c. 1400, "deciding by one's own discretion, depending on one's judgment," from Latin arbitrarius "of arbitration," hence "depending on the will, uncertain," from arbiter (see arbiter). The meaning in English gradually descended to "capricious, ungoverned by reason or rule, despotic" (1640s). Related: Arbitrarily; arbitrariness.
late 14c., "person who has power of judging absolutely according to his own pleasure in a dispute or issue," from Old French arbitre "arbiter, judge" (13c.) and directly from Latin arbiter "one who goes somewhere (as witness or judge)," in classical Latin used of spectators and eye-witnesses; specifically in law, "he who hears and decides a case, a judge, umpire, mediator;" from ad "to" (see ad-) + baetere "to come, go," a word of unknown etymology.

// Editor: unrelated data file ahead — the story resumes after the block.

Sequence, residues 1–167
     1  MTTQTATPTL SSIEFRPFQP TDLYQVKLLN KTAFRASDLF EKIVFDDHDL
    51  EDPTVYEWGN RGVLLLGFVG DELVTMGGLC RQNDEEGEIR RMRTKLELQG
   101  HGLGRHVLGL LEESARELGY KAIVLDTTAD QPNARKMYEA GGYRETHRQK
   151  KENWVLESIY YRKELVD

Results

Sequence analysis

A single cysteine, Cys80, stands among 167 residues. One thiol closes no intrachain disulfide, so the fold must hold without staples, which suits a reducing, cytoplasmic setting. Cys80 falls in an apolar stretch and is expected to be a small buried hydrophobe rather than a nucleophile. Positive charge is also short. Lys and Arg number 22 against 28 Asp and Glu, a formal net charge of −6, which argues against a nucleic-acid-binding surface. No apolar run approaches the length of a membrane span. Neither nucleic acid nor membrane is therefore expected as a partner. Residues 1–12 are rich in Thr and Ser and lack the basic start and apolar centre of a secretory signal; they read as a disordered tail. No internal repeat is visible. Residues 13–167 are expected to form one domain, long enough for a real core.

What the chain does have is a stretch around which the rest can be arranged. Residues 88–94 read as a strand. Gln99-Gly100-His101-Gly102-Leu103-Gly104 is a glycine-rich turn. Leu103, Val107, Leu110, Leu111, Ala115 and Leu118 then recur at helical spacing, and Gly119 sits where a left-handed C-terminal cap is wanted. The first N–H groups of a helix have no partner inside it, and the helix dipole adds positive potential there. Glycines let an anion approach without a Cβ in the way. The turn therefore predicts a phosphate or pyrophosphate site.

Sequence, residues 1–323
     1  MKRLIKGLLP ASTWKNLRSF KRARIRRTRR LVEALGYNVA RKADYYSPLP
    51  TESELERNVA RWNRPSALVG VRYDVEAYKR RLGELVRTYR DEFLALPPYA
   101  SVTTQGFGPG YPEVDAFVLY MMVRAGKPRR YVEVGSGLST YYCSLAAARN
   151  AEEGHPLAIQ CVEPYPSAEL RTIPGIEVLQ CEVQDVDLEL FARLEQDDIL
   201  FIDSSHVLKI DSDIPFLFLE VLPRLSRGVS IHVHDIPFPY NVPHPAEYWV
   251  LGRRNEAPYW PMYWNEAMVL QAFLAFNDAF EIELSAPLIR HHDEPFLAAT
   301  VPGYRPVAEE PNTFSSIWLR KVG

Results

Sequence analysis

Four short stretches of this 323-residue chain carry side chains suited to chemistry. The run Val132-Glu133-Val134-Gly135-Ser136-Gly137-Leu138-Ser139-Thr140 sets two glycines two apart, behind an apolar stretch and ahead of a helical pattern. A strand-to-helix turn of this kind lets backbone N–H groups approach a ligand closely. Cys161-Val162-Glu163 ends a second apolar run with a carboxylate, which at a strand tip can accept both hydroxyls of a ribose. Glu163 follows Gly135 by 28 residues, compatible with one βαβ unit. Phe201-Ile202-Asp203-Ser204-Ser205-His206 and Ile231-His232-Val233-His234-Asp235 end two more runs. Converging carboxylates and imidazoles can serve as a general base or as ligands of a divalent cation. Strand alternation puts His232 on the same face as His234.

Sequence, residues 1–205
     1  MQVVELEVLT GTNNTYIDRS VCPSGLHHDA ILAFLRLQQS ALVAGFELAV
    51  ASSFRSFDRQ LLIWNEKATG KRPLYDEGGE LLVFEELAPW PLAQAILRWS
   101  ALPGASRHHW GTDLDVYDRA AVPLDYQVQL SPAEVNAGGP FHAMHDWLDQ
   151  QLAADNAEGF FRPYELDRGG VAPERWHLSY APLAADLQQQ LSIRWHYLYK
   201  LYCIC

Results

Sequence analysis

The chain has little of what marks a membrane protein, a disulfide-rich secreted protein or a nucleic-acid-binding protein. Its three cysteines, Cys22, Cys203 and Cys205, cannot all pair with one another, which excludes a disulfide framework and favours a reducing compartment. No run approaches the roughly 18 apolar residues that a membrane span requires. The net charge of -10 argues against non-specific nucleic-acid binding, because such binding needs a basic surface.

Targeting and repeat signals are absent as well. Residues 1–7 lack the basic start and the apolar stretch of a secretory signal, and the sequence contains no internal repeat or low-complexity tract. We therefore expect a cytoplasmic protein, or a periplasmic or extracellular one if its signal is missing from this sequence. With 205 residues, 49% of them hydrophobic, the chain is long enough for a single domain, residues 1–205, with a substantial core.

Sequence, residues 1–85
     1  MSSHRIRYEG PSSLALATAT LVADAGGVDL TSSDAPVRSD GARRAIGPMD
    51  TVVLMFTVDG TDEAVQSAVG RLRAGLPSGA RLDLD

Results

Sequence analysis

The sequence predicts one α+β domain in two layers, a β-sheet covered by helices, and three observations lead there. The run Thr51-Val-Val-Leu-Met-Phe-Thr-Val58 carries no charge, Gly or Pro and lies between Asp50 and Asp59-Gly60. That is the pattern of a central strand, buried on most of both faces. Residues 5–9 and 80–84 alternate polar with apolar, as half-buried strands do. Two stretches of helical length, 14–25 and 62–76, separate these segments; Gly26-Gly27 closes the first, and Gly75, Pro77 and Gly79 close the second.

The attestations suggest that baetō was the original form which sometimes became bētō, while -bītō was regular in non-initial syllables (especially in Plautus). Where bītō occurs independently (4x in Plautus), it must be a decompounded form. [de Vaan]
The specific sense of "one chosen by two disputing parties to decide the matter" is from 1540s. Compare arbitrator. The earliest form of the word attested in English is the fem. noun arbitress (mid-14c.) "a woman who settles disputes." Gaius Petronius Arbiter (circa 27-66 C.E.) was a friend of Nero, noted voluptuary, reputed author of the "Satyricon," and an authority on matters of taste and style (elegantiae arbiter, punning on the name).